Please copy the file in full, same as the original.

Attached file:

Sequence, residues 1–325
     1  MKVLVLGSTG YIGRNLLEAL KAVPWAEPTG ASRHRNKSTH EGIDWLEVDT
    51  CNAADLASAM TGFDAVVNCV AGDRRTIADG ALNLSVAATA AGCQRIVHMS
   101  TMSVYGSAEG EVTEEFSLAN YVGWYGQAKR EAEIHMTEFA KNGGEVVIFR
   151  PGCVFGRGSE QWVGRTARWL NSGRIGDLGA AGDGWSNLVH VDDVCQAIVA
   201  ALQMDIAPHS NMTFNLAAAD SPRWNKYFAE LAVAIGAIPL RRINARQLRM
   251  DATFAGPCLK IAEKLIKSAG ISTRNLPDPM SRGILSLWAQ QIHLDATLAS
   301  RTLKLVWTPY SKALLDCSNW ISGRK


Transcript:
Sequence, residues 1–325
     1  MKVLVLGSTG YIGRNLLEAL KAVPWAEPTG ASRHRNKSTH EGIDWLEVDT
    51  CNAADLASAM TGFDAVVNCV AGDRRTIADG ALNLSVAATA AGCQRIVHMS
   101  TMSVYGSAEG EVTEEFSLAN YVGWYGQAKR EAEIHMTEFA KNGGEVVIFR
   151  PGCVFGRGSE QWVGRTARWL NSGRIGDLGA AGDGWSNLVH VDDVCQAIVA
   201  ALQMDIAPHS NMTFNLAAAD SPRWNKYFAE LAVAIGAIPL RRINARQLRM
   251  DATFAGPCLK IAEKLIKSAG ISTRNLPDPM SRGILSLWAQ QIHLDATLAS
   301  RTLKLVWTPY SKALLDCSNW ISGRK